For the good of the public

When does public education stop being public?

Forty or 50 years ago, it was possible to go to college in most of the U.S. for free or without loans. You could work a summer job and pay for a year of college.

By Kevin Rackham
When does public education stop being public?

Forty or 50 years ago, it was possible to go to college in most of the U.S. for free or without loans. You could work a summer job and pay for a year of college.

Nothing could be further from the truth today.

Public education has become increasingly more expensive, especially in the past decade, and the burden is being shifted onto students. In Oregon, tuition funds more of operations costs than public funding does.

Can we still truly call this public education?

The Organisation for Economic Cooperation and Development defines public education as “education that is overseen or controlled by a public board or government agency,” but it goes beyond that. Public education at a K–12 level means that students don’t pay tuition because the public funds their schools. Why does that definition no longer apply after a student gets a diploma?

I’ve criticized the University of Oregon for seeking more independence, but at the same time I can understand where they’re coming from. It’s wrong to be under the control of the OUS without actually being supported by it.
The state has been disinvesting in education, and universities should either have their own governing board or receive better state funding. When students are the main source of funding, they and the university should have more say.

Treating education as a public good has always benefitted this country. Expanding higher education after World War II and introducing the GI Bill allowed us to keep growing our economy; it allowed us to win the space race and invent the technologies of the ’50s, ’60s and ’70s.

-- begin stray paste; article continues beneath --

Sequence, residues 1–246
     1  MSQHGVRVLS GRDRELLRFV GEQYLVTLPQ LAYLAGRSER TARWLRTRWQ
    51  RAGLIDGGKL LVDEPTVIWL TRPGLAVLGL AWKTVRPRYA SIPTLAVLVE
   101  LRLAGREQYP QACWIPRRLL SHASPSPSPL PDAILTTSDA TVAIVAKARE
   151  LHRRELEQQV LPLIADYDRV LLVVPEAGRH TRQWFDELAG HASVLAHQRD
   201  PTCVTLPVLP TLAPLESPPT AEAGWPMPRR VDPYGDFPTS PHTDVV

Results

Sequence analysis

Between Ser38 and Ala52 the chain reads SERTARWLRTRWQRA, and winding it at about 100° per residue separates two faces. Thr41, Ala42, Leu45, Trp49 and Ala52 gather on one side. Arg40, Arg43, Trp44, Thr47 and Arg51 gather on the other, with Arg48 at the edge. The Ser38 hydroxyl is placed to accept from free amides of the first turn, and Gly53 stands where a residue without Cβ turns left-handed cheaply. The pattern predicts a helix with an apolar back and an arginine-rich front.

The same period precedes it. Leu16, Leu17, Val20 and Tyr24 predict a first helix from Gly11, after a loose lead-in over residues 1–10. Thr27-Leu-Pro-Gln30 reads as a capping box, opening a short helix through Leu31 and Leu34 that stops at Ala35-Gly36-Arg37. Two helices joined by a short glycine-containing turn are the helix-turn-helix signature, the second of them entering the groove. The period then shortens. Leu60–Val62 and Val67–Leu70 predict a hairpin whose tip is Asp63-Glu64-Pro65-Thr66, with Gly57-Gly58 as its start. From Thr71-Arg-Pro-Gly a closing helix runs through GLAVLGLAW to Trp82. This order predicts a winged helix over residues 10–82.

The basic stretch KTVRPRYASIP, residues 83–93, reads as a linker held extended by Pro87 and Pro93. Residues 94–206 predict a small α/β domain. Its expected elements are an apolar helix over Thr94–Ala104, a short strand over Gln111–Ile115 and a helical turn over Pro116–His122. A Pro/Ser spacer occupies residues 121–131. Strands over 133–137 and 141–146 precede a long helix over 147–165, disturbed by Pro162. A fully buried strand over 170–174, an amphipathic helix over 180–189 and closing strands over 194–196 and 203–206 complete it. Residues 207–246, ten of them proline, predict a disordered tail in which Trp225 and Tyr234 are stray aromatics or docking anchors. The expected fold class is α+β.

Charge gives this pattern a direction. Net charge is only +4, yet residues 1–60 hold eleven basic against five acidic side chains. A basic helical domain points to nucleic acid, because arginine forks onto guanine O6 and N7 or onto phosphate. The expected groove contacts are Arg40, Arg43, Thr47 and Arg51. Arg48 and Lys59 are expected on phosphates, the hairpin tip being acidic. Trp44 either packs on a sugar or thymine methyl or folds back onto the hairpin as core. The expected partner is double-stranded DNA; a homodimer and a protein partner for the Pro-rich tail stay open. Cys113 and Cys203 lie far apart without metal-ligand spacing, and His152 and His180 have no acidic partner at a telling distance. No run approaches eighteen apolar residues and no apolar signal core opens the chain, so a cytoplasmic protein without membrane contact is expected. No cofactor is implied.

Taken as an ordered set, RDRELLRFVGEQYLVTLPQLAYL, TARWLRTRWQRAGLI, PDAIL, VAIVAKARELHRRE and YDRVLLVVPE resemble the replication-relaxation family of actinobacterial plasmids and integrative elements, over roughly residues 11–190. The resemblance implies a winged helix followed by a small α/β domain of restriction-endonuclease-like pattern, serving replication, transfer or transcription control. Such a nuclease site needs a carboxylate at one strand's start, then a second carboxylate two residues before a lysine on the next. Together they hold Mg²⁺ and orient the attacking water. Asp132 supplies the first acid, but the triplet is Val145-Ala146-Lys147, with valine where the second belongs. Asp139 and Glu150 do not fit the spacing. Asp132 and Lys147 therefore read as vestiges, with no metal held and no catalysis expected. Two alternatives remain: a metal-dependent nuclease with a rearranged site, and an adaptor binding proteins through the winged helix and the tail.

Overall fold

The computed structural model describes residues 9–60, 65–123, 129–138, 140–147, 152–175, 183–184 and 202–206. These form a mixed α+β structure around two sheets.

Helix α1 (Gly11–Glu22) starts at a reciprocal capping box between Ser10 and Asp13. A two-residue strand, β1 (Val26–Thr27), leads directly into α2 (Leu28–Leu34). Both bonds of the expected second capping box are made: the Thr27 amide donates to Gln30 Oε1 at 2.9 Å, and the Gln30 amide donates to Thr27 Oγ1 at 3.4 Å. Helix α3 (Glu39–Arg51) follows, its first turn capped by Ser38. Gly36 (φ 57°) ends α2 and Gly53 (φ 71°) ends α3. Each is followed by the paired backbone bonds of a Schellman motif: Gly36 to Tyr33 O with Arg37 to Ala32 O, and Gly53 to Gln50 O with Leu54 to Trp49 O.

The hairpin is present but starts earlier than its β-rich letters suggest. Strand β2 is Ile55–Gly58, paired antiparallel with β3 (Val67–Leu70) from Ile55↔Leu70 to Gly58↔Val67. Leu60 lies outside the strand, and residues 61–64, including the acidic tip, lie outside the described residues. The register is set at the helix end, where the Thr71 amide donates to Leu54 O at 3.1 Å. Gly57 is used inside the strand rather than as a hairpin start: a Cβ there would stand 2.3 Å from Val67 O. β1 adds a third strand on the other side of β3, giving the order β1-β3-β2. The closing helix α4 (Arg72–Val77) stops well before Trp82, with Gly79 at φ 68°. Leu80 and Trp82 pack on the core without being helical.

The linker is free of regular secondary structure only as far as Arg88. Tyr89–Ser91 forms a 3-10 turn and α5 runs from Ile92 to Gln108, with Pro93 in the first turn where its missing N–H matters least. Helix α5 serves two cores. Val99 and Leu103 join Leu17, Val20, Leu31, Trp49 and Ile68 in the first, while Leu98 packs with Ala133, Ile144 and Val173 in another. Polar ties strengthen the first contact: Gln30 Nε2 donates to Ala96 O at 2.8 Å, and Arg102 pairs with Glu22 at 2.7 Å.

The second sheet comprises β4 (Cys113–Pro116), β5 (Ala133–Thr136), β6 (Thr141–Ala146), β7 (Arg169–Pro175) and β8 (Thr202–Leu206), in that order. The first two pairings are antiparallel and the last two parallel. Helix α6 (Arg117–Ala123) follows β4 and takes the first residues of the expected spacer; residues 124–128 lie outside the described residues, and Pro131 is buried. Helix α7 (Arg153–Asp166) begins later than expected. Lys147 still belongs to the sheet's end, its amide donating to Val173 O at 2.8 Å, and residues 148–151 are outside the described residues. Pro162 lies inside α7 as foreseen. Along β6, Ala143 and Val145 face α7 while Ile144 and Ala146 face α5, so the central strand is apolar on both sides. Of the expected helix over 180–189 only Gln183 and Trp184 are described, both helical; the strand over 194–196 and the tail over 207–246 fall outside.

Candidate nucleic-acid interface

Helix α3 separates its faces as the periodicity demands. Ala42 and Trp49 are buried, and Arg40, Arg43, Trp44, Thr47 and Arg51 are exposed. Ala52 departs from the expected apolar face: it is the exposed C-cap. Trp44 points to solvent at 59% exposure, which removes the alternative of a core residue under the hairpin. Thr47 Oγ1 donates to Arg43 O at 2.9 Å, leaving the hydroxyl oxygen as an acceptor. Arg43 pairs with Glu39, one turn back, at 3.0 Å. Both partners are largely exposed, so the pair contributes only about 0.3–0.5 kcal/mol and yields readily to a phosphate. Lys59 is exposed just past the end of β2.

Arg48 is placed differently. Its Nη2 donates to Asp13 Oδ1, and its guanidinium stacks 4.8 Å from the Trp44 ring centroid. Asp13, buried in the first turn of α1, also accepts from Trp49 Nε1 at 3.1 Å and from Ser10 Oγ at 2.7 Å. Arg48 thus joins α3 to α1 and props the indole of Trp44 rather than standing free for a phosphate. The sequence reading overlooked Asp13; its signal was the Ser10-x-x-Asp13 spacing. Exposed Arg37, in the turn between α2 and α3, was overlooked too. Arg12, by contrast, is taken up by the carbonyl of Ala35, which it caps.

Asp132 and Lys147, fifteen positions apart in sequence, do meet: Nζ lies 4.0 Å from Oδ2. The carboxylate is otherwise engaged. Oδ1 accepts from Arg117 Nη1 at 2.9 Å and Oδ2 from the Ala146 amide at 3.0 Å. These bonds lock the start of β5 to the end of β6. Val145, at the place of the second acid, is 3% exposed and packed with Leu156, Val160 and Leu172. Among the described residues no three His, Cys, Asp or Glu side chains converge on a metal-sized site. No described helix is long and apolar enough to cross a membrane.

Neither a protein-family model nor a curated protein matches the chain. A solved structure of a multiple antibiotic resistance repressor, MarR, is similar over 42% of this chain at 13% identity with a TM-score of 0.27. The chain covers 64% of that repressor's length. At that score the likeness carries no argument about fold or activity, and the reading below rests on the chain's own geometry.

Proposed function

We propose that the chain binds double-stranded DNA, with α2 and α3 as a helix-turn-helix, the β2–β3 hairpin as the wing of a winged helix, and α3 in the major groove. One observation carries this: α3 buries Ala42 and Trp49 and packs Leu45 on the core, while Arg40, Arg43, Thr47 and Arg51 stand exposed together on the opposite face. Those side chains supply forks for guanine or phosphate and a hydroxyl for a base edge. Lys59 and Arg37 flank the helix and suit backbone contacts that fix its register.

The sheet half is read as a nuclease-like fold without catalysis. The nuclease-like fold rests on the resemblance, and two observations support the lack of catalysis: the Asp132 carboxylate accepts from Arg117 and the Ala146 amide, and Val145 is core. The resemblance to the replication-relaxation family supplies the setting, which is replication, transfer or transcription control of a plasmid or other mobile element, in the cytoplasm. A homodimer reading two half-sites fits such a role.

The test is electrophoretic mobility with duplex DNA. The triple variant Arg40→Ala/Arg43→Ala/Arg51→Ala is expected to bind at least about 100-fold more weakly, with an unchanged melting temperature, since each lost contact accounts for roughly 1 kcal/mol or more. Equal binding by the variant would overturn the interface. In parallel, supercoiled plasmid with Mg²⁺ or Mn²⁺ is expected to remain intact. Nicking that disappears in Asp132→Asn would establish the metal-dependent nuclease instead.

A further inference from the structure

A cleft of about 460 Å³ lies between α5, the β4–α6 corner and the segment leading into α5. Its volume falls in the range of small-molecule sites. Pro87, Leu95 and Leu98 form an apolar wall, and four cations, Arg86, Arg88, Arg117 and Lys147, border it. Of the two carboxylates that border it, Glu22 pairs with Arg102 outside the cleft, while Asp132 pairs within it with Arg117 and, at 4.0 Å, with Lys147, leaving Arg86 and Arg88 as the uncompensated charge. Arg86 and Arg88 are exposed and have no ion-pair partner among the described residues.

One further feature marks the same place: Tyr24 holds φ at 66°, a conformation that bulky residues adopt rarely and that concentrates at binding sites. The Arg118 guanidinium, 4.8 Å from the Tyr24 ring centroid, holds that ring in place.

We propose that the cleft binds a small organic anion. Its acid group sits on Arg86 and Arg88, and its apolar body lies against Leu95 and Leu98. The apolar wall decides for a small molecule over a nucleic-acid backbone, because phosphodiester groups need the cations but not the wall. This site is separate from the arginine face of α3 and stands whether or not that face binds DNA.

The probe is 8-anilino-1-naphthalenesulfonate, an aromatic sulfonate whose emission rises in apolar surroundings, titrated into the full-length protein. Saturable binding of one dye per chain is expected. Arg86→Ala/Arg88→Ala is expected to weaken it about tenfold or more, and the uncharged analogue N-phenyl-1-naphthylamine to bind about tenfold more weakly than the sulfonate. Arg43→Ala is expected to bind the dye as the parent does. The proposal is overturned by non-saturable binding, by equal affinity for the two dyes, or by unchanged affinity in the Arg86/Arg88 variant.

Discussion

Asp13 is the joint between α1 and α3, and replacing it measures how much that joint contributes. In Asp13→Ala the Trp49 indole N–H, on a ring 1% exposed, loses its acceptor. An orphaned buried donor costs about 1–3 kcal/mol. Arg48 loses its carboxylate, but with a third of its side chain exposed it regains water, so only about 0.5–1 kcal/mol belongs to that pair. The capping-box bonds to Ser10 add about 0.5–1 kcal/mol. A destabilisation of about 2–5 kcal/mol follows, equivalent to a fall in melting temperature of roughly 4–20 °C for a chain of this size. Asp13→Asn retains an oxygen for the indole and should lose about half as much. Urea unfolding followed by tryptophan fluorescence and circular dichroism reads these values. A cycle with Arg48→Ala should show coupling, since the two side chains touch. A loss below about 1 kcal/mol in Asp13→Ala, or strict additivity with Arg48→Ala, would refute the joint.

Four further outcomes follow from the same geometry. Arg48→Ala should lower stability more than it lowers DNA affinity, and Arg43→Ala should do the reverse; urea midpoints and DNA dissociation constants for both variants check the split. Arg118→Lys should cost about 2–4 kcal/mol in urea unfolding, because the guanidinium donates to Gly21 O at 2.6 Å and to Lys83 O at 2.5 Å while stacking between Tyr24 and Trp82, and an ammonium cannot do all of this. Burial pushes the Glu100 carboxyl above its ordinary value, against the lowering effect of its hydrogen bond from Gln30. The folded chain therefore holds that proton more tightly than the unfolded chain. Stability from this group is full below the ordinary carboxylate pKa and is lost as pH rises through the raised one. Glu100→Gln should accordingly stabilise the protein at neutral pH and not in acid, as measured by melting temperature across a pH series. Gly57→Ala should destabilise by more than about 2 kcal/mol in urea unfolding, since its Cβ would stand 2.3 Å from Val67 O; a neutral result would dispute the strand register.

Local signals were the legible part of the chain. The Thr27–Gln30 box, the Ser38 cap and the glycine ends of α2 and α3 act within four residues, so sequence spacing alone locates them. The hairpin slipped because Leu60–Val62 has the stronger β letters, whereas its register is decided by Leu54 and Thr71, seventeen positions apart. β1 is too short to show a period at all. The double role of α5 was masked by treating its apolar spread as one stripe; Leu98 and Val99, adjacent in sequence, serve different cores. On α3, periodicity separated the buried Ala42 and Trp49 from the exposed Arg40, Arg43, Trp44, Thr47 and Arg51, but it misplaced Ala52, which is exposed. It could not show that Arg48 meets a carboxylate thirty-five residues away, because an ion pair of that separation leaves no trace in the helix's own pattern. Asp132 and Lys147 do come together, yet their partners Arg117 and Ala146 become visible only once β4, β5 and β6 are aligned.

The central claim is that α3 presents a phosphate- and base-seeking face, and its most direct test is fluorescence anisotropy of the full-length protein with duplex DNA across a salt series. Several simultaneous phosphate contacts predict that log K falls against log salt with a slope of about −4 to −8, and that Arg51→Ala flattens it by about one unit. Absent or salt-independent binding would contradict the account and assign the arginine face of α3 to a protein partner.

Becoming more public and less privatized would relieve the student debt crisis and help balance the economy.
Attacking free education has backfired. Californians didn’t pay tuition until the ’80s. The Berkeley riots convinced the state that students should pay for their education—that they should spend more time working and less time protesting.

Now the California university system is one of the most expensive in the country, to the point that it would be cheaper for a Californian to attend Harvard than a state university. California’s failing economy and inflated education system are definitely linked, and the same can be said of Oregon.

The voters are at fault, too. Oregonians have voted in things like 1990’s Measure 5, which crippled K–12 education funding from property taxes. Lowering the property tax helped Oregon’s economy bounce back, but education has suffered since. K–12 and higher education have been forced to compete for the state budget.

Then we’ve had people like Art Robinson (currently running against Peter DeFazio in Congressional District 4) who would like to abolish public education in general. Measures to increase K–12 and university funding have to fight to get passed. Often they don’t. Oregon’s voters have been hindering public education for years, despite it being a system they likely benefited from when they were younger.

That’s why we need state funds to solve the problem.

The legislature is going to look at passing a big bond that would add hundreds of millions of dollars to the Oregon Opportunity Grant. Better financial aid would certainly help but, speaking as someone who receives the OOG, it doesn’t go far enough. I still had to take out a private loan this year to afford tuition.

Our current definition of “need-based aid” also doesn’t work, because middle-class households often don’t qualify for aid, even though a lot of them desperately need it. Giving students better funding would be one way to make education more of a public good.

Politicians love to lament how low America’s test scores rank against other countries, and Oregon politicians are no exception. But other countries and other states perform better because they’ve invested in education better. Oregon education and American education as a whole has to become a priority. For the good of the public.